After taking Workshop Courage, I vowed to help propagate the workshop—whether by facilitating it, talking about it or by writing about it. This page contains Workshop Courage articles that I have written for MISSION. I was a participant to these workshops, albeit, always observing, listening and scribbling down thoughts, reflections, musings and “aha!” moments.

Part of my initiative in MISSION is to write about it and its work. I am constantly in awe of the work that my colleagues in MISSION do—towards building sustainable communities, in holding powerful conversations and accessing the “imaginality” in us. And I am always in awe of what great work can be done and what change and transformation can happen when people have “real” conversations and think collectively—with one mind, one heart.

MISSION is in service of the Light.


Discovering Emergency Pedagogy

June 10, 2014

A Cebu Emergency Response Team for Children & Youth was conceived in the sweltering heat of May.

“I know that you are already sweating in your seats,” Lukas Mall, Coordinator of “Freunde” or The Friends of Waldorf Education, remarks as we are about to take a break during the first day. It is hot and humid as the workshop is unfolding, but this does not get in the way of learning, engaging and self-healing—some would confess the following morning when we share reflections. “Releasing our own trauma,” says Edison, one of the participants, “prepares us to help children release their trauma.”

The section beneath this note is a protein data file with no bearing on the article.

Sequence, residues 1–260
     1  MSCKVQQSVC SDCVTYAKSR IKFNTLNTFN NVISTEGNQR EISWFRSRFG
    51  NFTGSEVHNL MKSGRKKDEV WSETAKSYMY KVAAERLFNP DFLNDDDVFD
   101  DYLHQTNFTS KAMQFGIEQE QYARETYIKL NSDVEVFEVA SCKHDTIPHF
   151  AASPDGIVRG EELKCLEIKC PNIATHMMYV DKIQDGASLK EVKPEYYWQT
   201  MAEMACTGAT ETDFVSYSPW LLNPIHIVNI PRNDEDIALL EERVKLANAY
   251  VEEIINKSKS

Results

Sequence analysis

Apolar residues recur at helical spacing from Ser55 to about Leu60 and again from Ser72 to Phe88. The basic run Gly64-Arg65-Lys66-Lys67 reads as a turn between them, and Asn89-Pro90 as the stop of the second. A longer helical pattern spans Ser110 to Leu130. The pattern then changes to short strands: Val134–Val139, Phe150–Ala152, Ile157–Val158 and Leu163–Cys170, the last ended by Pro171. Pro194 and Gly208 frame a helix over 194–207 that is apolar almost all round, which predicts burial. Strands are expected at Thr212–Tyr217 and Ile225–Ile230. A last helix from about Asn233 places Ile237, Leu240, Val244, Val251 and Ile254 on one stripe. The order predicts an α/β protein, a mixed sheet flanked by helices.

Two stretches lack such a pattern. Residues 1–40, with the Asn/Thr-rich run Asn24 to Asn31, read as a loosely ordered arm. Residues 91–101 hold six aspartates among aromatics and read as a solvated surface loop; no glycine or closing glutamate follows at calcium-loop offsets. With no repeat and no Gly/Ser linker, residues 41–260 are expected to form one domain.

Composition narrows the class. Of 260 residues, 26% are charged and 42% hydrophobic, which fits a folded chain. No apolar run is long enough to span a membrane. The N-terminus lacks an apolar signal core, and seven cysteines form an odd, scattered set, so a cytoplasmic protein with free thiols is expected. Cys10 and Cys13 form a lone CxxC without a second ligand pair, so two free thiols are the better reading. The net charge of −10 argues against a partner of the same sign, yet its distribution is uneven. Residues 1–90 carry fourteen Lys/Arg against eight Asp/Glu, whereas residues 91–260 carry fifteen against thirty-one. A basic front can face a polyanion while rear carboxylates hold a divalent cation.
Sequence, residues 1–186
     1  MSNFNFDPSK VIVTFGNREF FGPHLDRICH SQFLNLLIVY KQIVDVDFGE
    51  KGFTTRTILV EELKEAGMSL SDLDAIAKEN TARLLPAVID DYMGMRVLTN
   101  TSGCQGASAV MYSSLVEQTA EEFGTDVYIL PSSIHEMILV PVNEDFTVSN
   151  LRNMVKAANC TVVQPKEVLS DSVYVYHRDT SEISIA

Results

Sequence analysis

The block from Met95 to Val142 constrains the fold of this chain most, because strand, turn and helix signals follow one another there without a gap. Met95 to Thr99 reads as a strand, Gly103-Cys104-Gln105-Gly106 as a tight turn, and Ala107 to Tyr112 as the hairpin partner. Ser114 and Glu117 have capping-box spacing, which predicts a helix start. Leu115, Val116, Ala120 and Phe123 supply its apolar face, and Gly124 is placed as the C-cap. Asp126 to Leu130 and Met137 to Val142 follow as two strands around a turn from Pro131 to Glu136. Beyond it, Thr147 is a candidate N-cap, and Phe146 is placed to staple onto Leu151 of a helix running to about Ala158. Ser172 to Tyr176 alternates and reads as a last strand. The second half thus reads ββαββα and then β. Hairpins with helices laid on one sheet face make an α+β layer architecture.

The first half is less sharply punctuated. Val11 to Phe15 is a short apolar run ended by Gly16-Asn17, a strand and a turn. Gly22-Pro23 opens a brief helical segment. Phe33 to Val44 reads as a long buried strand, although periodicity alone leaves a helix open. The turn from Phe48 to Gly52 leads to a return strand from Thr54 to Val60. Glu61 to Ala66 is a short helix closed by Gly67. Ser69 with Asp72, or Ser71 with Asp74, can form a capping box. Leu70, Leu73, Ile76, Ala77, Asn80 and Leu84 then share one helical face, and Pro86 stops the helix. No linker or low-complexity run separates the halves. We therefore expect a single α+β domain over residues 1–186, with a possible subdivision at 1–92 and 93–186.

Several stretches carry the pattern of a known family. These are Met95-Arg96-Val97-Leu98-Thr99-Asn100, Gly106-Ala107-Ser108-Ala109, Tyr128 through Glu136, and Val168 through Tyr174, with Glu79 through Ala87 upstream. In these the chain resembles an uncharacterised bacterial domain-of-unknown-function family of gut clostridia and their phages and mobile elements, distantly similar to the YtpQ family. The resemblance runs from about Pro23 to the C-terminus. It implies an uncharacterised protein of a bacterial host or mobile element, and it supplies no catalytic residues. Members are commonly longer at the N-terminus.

Over the next couple of days, MISSION Cebu and a group of participants to the Emergency Pedagogy workshop held last May 23-25, 2014 are meeting to define who and what CERTCY is. Apart from MISSION networks in Cebu, we have participants from Capiz and Negros Occidental. They are social workers, educators, teachers, counselors, nurses and child development workers of non-government organizations and civil society organizations. The workshop has helped strengthen the ability of our local networks to respond to our children and youth, not only in a post-disaster setting, but in every situation where trauma could develop—in our homes, at schools, or in our communities, in general.

Emergency Pedagogy, Lukas says, is not trauma therapy. It is supporting one’s self-healing forces to overcome traumatic experiences. The focus of the work is within four to eight weeks from the time the traumatic event happened. The primary function of the job is to help prevent the experience from escalating into the next— of the four—stages of trauma development.

Four simultaneous workshops are ongoing: Eurythmy, Art Therapy, Trauma Pedagogy Rhythmical Exercises and Kindergarten Class.

“It’s all about presence,” says Fiona about Eurythmy, Friedhelm’s group. “The future is something we can’t perfectly paint. The past is something we can’t totally wipe as well,” she adds.

During one of the breaks, Dindin tries to recall and to put into writing what she calls as the moving-on exercise. From where she stands, she lifts her right foot, steps it to the right, sidewards, and says “here I walk,” then she lifts her left foot saying “here I am” as she brings it next to her right foot. She then lifts her left foot, steps it to the left, sidewards—going back to her point of origin—and says “here I was,” then she moves it back to the right, and says “here I stand.” It drove her to tears when she did the exercise with her group, she tells me.